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Local Honey and Allergies: Does Eating Local Honey Help Prevent Allergies?

Updated on March 20, 2012
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I Would Like This To Be True, But I am Skeptical

I raise bees that produce honey, which I harvest and sell. We sell all our honey locally. The demand for local honey seems to be driven in large part by the idea that local honey helps to prevent seasonal allergies, but does it? I am skeptical. There is no scientific evidence to support this claim. In fact, one small study found that eating local honey did not affect allergies.

Many people’s allergies are caused by specific types of pollen. Honey contains small amounts of pollen. It’s in the honey by accident. Bees store pollen separately from honey. I suspect that most of the pollen found in honey gets mixed into it during the extraction process that beekeepers use to harvest the honey from the comb.

When people eat honey they are exposed to small amounts of pollen. By eating local honey regularly and exposing the body to these small amounts of pollen, so the theory goes, the body is desensitized and no longer reacts negatively (an allergic reaction).

Most Allergies Are Caused By the Pollen of Wind Pollinated Plants

One immediate problem with this idea is that most people are allergic to the pollen of plants that are wind pollinated. Plants that are wind pollinated don’t depend on bees or other insects to spread the pollen from flower to flower. Rather, they release large amounts of pollen into the air; the pollen drifts randomly, but some of it lands on appropriate flowers and pollinates them.

Honey is most likely to contain pollen from plants that depend on bees and other insects for pollination because these are the plants that have evolved to be most attractive to bees. Bees are exposed to all sorts of things when they forage and they might bring back pollen from wind pollinated plants, but it’s not something that you could count on.

Honey Is Produced and Harvested at Specific Times of Year

Beekeepers harvest surplus honey from honey bee colonies at specific times of the year. When there is a strong nectar flow (a lot of nectar producing flowers are blooming) beekeepers add boxes of comb to their hives. These boxes are called supers and this is where the bees store the honey that the beekeeper will harvest. The supers are only placed on bee colonies at certain times of the year.

The length of time that the supers remain on the colonies varies from a few days to several weeks depending on the geographic region. If a plant blooms outside of the time that the supers are on the colonies, it is unlikely that any of its pollen will make it into the honey that is later harvested. So if you have summer allergies, but are eating spring honey, it is unlikely that you are consuming any of the pollen to which you are allergic.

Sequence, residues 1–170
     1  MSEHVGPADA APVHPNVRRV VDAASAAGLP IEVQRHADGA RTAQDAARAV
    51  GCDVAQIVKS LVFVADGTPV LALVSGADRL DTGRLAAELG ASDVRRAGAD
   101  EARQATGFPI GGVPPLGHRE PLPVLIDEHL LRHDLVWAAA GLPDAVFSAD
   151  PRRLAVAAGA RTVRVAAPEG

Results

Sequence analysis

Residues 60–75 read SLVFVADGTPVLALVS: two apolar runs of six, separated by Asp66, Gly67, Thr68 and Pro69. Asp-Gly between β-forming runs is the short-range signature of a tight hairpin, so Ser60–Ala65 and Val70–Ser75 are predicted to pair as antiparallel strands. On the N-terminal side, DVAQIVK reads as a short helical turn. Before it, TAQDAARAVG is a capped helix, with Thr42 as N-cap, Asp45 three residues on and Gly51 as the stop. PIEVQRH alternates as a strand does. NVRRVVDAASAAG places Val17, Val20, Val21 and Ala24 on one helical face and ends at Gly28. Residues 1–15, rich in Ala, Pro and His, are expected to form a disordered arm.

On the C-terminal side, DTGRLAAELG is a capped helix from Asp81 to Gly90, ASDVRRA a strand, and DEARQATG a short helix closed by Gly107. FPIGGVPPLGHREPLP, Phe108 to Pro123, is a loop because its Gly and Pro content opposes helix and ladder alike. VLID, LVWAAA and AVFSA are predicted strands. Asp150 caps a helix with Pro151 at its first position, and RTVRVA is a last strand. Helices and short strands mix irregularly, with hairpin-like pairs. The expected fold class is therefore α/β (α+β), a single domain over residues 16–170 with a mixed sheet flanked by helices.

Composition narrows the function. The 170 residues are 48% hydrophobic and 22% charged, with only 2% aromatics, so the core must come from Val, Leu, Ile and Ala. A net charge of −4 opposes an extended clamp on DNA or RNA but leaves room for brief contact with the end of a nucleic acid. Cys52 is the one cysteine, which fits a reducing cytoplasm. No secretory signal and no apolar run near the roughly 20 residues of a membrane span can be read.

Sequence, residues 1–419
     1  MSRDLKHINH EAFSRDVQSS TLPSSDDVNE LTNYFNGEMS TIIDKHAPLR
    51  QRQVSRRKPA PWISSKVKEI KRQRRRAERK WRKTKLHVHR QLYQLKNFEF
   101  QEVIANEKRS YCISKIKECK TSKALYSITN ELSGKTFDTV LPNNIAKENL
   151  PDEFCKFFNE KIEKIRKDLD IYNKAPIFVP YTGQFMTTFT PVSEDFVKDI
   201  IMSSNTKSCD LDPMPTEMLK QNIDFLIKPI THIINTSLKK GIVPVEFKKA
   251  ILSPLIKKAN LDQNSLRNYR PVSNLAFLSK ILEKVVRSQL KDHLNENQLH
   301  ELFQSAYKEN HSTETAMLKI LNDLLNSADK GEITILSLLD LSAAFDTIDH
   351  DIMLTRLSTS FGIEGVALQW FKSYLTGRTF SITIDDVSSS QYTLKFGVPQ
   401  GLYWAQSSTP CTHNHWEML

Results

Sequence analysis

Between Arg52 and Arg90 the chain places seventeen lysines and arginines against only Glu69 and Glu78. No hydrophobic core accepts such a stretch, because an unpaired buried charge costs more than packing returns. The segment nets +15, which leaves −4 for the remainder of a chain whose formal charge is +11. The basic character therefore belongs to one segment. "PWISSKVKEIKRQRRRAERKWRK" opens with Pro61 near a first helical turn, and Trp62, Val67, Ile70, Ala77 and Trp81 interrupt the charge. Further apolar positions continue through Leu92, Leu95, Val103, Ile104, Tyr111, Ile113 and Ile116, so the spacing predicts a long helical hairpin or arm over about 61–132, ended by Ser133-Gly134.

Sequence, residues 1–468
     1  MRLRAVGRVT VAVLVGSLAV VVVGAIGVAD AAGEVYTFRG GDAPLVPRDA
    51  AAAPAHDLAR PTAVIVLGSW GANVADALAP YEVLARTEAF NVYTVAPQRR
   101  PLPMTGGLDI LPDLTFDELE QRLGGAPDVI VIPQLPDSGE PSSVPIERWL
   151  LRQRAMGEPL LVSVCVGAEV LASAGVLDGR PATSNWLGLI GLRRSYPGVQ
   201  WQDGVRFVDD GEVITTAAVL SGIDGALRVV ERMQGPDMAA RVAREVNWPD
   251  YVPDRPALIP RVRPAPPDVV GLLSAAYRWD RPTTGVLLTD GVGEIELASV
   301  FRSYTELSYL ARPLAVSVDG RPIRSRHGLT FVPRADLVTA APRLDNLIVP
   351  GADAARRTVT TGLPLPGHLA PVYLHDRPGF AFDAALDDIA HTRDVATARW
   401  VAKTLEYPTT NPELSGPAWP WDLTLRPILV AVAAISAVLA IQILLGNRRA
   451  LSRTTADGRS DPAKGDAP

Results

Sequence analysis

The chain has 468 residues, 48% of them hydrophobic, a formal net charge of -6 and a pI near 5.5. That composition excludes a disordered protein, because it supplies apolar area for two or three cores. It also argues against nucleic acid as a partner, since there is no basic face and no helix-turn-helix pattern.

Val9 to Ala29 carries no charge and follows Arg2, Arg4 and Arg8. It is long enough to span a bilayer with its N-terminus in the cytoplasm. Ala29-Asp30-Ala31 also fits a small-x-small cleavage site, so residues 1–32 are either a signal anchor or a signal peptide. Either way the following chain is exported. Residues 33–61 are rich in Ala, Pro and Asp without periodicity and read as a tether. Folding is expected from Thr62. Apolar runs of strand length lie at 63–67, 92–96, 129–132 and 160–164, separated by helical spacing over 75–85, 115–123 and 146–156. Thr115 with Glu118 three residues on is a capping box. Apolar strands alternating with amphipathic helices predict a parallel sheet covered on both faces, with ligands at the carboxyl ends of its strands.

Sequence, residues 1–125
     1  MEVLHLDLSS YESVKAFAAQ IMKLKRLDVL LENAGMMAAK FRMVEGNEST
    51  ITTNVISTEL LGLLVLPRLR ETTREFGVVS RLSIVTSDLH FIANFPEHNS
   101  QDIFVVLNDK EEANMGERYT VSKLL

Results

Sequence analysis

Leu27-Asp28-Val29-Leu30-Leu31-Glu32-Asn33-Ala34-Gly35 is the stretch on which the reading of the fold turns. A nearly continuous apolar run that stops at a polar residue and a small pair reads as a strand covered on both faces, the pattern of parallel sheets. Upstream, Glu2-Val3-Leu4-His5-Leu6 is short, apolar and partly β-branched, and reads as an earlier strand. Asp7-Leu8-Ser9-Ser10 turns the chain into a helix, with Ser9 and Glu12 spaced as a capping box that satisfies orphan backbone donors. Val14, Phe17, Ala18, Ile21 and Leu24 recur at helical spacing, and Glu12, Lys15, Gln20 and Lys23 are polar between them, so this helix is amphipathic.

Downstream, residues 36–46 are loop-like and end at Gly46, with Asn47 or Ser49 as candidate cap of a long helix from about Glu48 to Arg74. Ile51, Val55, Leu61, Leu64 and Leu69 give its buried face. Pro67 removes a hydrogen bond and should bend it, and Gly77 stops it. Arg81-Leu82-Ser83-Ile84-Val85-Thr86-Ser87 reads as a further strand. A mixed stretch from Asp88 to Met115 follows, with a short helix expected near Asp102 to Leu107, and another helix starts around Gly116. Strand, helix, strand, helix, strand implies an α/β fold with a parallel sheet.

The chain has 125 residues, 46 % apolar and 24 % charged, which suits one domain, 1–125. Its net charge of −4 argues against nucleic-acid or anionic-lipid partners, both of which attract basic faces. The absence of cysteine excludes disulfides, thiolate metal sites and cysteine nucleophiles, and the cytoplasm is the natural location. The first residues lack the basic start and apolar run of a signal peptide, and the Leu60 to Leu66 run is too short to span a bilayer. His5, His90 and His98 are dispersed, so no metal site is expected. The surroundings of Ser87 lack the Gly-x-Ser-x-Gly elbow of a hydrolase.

Beekeepers Still Have Allergies

Last, but not least, perhaps the most compelling reason to be skeptical about local honey as an allergy cure is that beekeepers still have allergies and beekeepers eat a lot of local honey.

So, given the following facts:

1) Most people are allergic to the pollen of wind pollinated plants.

2) Whether or not a specific pollen is present in honey depends in large part on when the honey was produced and harvested.

3) Beekeepers eat a lot of local honey and still have allergies.

It seems unlikely that local honey is a reliable cure for seasonal allergies.

Eat Honey, Support the Bees

Certainly there is a lot of anecdotal evidence that honey helps prevent allergies. I would love this to be the case, but a close examination of the facts makes it seem very unlikely. Eat honey because it tastes great; it’s a wonderful, sustainably produced, natural sweetener. Besides, while all that nectar is being gathered to make the honey that we enjoy, something far more important is happening: all those flowers are being pollinated. If I am wrong, and honey really does help prevent allergies, what a great bonus!

If you have tried local honey as an allergy cure, do you think it helps?

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    • Wib Magli profile image
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      Wib Magli 6 years ago from Tennessee and Alabama

      aethelthryth,

      I am sure that you have heard the old saying that if you ask the same question to ten different beekeepers you will get 11 different answers.

      We are planning on raising queens from several colonies that have never been treated for anything and have lived three years or more. I am excited to see how they will do. Treatment-free is the direction that the beekeeping world is moving. Especially among hobbyists.

      Thanks for reading,

      Wib

    • aethelthryth profile image

      aethelthryth 6 years ago from American Southwest

      Good points. I started backyard beekeeping because I wanted to know exactly what was in my honey. Eventually I figured out I have no idea what is in my honey; probably even the bees don't know. But it tastes great. All I can say is I know what medications I have never put in my hive (though to all the organic people who think that is the only way to do things, I haven't got much honey out of it yet.)

      One thing I enjoy about talking to beekeepers, especially long-time beekeepers, is that they tend to have strong opinions, based on thought and observation, but often come to different conclusions. So I think beekeepers don't follow the crowd as much as others do, and you can learn a lot from an argument between long-time beekeepers.

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